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Brain MRI - - Implant and Prosthesis - Process Analysis - Hospitals - Resources
 
Contiguous Slice Multi Echo MultiplanarInfoSheet: - Sequences - 
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(CSMEMP) MR imaging pulse sequence in which signals for multiple contiguous slices at multiple echoes are collected.
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Contiguous Slice with Variable Echo MultiplanarInfoSheet: - Sequences - 
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(CSVEMP) MR imaging pulse sequence in which signals for multiple contiguous slices at multiple echoes are collected.
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Diffusion Weighted ImagingForum -
related threadsMRI Resource Directory:
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(DWI) Magnetic resonance imaging is sensitive to diffusion, because the diffusion of water molecules along a field gradient reduces the MR signal. In areas of lower diffusion the signal loss is less intense and the display from this areas is brighter. The use of a bipolar gradient pulse and suitable pulse sequences permits the acquisition of diffusion weighted images (images in which areas of rapid proton diffusion can be distinguished from areas with slow diffusion).
Based on echo planar imaging, multislice DWI is today a standard for imaging brain infarction. With enhanced gradients, the whole brain can be scanned within seconds. The degree of diffusion weighting correlates with the strength of the diffusion gradients, characterized by the b-value, which is a function of the gradient related parameters: strength, duration, and the period between diffusion gradients.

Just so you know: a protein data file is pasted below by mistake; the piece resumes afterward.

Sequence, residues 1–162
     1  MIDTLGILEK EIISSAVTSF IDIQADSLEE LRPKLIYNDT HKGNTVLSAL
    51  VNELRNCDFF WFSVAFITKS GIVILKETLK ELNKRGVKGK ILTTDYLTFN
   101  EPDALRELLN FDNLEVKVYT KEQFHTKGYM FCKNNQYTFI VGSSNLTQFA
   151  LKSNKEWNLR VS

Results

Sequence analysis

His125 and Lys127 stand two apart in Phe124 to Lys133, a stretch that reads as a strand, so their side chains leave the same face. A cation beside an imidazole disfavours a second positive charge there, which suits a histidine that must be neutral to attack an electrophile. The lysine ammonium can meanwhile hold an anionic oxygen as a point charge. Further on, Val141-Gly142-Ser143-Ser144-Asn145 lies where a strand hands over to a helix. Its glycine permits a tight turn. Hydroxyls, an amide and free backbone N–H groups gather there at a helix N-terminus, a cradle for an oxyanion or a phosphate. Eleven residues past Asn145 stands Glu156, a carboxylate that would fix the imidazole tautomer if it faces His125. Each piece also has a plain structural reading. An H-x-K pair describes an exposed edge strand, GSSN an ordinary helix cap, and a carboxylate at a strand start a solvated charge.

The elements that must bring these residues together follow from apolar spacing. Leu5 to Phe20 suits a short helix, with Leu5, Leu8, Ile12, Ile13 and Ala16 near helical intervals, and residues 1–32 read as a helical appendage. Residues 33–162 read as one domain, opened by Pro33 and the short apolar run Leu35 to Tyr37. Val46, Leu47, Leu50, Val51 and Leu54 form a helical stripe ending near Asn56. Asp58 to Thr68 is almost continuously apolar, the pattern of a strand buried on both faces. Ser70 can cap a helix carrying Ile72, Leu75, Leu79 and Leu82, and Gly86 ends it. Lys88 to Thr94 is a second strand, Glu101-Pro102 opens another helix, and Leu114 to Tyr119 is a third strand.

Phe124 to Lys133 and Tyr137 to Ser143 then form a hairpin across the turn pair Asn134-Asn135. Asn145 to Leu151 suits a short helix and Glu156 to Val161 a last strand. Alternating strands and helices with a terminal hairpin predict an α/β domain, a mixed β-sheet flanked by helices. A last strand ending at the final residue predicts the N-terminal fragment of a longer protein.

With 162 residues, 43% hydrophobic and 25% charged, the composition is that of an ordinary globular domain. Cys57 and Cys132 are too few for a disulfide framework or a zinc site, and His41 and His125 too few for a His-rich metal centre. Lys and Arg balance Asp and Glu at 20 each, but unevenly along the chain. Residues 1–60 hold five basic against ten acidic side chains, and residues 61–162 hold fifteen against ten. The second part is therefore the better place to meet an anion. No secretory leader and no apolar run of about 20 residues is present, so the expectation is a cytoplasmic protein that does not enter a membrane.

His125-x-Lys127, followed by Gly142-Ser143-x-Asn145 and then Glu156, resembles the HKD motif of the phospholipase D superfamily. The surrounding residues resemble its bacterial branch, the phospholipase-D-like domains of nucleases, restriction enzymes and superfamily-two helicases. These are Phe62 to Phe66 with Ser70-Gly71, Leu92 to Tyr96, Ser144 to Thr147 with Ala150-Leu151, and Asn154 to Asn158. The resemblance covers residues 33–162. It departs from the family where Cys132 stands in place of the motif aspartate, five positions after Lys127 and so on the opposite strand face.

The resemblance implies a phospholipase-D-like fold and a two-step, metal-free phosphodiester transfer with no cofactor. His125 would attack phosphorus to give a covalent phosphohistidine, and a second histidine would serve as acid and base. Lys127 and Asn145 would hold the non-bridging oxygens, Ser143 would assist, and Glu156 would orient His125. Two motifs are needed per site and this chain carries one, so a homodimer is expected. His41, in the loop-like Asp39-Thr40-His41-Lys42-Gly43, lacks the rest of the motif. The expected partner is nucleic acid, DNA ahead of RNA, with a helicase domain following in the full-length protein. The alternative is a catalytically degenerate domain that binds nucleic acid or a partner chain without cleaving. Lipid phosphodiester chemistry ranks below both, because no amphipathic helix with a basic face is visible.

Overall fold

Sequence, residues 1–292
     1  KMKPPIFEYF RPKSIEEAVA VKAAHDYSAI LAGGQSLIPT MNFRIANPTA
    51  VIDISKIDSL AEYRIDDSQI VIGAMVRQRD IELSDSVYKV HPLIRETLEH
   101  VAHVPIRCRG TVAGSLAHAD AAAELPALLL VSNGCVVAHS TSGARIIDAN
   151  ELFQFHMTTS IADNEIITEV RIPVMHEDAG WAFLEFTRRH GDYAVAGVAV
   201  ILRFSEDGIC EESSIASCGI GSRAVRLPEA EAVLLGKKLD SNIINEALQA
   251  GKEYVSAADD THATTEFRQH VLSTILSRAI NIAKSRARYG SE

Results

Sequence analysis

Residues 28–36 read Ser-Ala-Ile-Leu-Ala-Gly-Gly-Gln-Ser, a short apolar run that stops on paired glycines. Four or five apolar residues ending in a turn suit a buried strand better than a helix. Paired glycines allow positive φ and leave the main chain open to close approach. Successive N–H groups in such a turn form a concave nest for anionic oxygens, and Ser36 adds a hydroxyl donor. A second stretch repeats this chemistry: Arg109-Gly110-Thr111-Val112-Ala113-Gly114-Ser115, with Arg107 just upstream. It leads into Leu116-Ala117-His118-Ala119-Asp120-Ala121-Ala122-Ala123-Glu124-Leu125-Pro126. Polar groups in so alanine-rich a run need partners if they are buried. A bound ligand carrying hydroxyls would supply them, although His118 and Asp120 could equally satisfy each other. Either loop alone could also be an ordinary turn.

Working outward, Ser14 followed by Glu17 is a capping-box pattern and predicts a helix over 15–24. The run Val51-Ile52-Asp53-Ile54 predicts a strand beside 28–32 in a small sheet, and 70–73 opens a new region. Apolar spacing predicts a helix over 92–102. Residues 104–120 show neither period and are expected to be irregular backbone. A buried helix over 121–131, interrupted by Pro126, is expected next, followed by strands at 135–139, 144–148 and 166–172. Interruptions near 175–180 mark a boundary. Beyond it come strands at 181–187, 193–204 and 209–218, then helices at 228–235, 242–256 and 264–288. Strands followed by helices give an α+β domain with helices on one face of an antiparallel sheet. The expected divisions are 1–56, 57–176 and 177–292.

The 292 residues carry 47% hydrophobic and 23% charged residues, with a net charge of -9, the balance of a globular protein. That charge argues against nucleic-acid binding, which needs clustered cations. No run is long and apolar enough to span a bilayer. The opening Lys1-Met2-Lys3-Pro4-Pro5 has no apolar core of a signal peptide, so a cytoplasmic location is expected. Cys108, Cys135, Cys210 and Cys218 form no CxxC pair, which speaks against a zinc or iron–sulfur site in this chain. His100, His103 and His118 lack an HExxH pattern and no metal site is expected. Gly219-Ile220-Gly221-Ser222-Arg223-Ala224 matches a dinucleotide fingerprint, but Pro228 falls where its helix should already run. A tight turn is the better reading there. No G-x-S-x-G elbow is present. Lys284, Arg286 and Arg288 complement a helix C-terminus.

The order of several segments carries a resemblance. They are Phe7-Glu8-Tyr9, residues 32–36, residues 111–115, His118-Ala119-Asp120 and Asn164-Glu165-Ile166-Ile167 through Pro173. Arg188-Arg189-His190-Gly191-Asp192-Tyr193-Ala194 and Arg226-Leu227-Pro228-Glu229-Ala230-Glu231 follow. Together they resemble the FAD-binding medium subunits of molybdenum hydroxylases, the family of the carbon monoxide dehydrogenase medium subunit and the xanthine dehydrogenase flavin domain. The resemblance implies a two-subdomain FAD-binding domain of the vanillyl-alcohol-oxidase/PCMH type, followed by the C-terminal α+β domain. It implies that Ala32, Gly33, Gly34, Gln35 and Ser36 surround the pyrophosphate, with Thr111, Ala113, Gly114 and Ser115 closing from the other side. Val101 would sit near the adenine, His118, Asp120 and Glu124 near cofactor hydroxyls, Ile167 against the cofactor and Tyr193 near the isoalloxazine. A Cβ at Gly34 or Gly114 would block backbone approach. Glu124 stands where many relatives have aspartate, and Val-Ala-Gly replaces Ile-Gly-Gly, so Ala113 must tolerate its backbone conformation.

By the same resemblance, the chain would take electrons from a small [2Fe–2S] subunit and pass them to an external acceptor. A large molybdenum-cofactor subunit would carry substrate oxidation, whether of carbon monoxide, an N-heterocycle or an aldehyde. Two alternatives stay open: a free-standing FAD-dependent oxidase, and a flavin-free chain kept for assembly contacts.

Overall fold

Certain illnesses show restrictions of diffusion, for example demyelinization and cytotoxic edema. Areas of cerebral infarction have decreased apparent diffusion, which results in increased signal intensity on diffusion weighted MRI scans. DWI has been demonstrated to be more sensitive for the early detection of stroke than standard pulse sequences and is closely related to temperature mapping.
DWIBS is a new diffusion weighted imaging technique for the whole body that produces PET-like images. The DWIBS sequence has been developed with the aim to detect lymph nodes and to differentiate normal and hyperplastic from metastatic lymph nodes. This may be possible caused by alterations in microcirculation and water diffusivity within cancer metastases in lymph nodes.
See also Diffusion Weighted Sequence, Perfusion Imaging, ADC Map, Apparent Diffusion Coefficient, and Diffusion Tensor Imaging.

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Further Reading:
  Basics:
EVALUATION OF HUMAN STROKE BY MR IMAGING
2000
Novel MRI Technique Could Reduce Breast Biopsies, University of Washington Study
Tuesday, 2 October 2012   by www.eurekalert.org    
Quantitative Apparent Diffusion Coefficient Measurements Obtained by 3-Tesla MRI Are Correlated with Biomarkers of Bladder Cancer Proliferative Activity
   by www.plosone.org    
  News & More:
Use of diffusion magnetic resonance imaging to correlate the developmental changes in grape berry tissue structure with water diffusion patterns
Wednesday, 5 November 2014   by 7thspace.com    
Novel Imaging Technique Improves Prostate Cancer Detection
Tuesday, 6 January 2015   by health.ucsd.edu    
High-b-value Diffusion-weighted MR Imaging of Suspected Brain Infarction
2000   by www.ajnr.org